Volume 1, Issue 2
The Southern Area West Virginia Newsletter
A History of NA In West Virginia
The first active NA group in West Virginia was the Charleston Central Group. It was founded by a small band of members from another twelve-step fellowship who wanted to reach other addicts with the recovery they had found. The first meeting was held in a small room at St. John’s Episcopal Church. It is said only three attended that first meeting on a Thursday night in April 1979, and that in the early months an attendance of ten was considered to be quite a crowd.
By October of 1980, the demand for meetings had increased, and two meetings had been added. At this point the NA community in Charleston had received its first influx of members who depended on NA for most of their recovery. In April of 1981 CCHNA added its fourth meeting, by now meeting on Thursday, Saturday, Monday, and Wednesday.
The controversy was mild on these points however and almost from the start attendance at FNRGNA was equal to its older counterpoint: Charleston now had five meetings a week.
In 1982 the Live Clean of Die Group was born in Morgantown. Members in Charleston head only of this group through rumors out of Pittsburgh, LCODGNA was supported by a couple of locals and attended by members for Southeastern Pennsylvania.
In may be interesting to note that the first NA meetings in Wheeling, West Virginia and Columbus, Ohio were started by CCGNA members who left Charleston and found groups in their hometowns.
Another small group of members who felt a need for more NA meetings and more variety of atmosphere formed the Friday Nite Recovery Group in an empty white house across the street from the local treatment center. Among the things that were considered really different about this meeting (and by some even controversial) was they read the Twelve Traditions at each meeting and stood in the close circle hugging instead of holding hands.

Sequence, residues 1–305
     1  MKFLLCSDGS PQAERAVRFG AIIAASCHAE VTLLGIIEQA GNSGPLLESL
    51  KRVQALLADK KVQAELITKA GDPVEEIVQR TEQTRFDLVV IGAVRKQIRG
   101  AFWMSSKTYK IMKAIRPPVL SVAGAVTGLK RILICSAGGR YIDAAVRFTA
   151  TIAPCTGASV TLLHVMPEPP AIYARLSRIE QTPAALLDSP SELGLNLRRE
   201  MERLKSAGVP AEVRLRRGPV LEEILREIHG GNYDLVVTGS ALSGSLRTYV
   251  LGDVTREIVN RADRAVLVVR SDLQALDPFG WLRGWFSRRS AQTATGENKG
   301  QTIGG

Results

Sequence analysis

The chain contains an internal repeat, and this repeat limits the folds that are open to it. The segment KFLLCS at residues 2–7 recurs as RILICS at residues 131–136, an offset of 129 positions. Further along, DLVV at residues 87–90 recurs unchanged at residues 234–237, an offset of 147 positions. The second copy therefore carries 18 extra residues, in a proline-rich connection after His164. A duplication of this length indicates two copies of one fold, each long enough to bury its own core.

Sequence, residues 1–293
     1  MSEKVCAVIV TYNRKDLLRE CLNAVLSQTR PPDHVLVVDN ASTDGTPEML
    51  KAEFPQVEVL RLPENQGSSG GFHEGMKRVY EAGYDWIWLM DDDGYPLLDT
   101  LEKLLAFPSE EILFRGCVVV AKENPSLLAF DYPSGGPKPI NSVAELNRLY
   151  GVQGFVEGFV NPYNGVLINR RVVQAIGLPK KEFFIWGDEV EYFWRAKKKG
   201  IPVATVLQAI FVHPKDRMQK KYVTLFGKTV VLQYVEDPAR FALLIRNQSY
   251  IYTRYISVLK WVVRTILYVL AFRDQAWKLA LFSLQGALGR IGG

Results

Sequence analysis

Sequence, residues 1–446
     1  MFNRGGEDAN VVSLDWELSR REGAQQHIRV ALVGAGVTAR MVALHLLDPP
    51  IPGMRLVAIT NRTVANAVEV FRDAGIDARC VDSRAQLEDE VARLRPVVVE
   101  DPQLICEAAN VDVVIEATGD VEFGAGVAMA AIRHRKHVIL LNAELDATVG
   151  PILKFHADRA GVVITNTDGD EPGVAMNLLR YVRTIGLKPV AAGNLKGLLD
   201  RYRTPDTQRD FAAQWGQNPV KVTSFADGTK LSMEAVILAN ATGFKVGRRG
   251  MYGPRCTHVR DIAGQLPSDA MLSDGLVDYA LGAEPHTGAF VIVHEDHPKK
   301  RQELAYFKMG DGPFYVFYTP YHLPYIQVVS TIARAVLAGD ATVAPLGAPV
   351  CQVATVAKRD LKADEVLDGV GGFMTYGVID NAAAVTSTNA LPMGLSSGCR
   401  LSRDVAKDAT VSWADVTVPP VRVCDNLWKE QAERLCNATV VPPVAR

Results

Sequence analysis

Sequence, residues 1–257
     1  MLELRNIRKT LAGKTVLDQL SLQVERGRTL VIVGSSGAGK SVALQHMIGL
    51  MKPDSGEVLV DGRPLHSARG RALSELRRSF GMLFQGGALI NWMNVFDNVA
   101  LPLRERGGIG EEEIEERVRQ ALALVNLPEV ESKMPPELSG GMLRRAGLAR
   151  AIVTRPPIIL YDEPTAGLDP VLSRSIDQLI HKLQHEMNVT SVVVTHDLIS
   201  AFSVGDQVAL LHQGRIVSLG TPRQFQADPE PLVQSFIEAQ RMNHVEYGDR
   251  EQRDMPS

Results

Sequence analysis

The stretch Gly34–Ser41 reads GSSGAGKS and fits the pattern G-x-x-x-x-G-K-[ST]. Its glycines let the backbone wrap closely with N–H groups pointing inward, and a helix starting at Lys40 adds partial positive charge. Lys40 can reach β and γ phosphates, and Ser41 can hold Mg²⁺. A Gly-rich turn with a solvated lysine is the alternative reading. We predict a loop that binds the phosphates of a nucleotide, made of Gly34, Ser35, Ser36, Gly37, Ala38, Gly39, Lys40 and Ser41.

During a late Saturday night rap-session at a member’s home on Cheat Lake in Morgantown, the subject of a State Convention arose. It was more or less a “wouldn’t it be nice” or “someday, somehow” discussion, but by Monday afternoon the reservations were made at Jackson’s Mill 4-H Camp and fingers were crossed that the NA members in West Virginia would embrace the idea. This was the case, and the West Virginia Convention Committee of NA (WVCCNA) was born. The committee was to be the basis for the first efforts of statewide NA services.
The following year it was decided to hold the convention at Cedar Lakes Camp near Ripley. Following the lead of the previous convention, it was decided that we should attempt to break even financially on WVCNA 2, but guess what, a surplus of $1600 was left, we didn’t know where the money was to go. . .
We soon found out. Since we already had a committee of sorts, and a treasury, and had we had been represented at the World Service Conference by a state representative for the two previous years, we began, in the summer of 1985, at the same home on Cheat Lake, what we now know as the Mountaineer Regional Service Committee.
At this point there existed the following known meetings: five in Charleston, one in Morgantown, approximately two in Parkersburg. Wheeling had grown independently of the other West Virginia fellowships and became part of the Tri-State Pennsylvania Regional Service Committee.
Things remained rather static around the state until mid-1983; Charleston had grown to six meetings with the start of the Here and Now Group in Dunbar, and Morgantown had experienced a renewed commitment through a request from a local Federal Penal Institution for a meeting. However, there was little cohesion or communication between these isolated groups.
H.P. seemed to step in at this point by shifting a few members geographically around the state. Groups appeared in Weston, Fairmont, and Clarksburg. Charleston had formed the Kanawha Valley Area Service Committee and in the North, the Tygart Valley ASC began to unite groups in Morgantown, Fairmont, Clarksburg, Weston, and Parkersburg.
Suddenly, members were traveling to other communities to participate in meetings and sharing their service experiences on the phone. A whole new speaking circuit developed around the once-isolated fellowship. In short, 1983 was the year of commination.
Much has happened fast in the Mountaineer Region since that time. With new groups in Point Pleasant, Huntington, Logan, Bluefield, Beckley, and more, there are over sixty meetings with the boundaries of our region.
We remain challenged by the geography of our state,, Mountain roads instead of freeways,, villages instead of towns, recession and abject poverty – we in the Mountaineer Region seen to need to work a little harder to reach the addict who suffers in our community, But today, more than ever before the old lie will not be tolerated in West Virginia.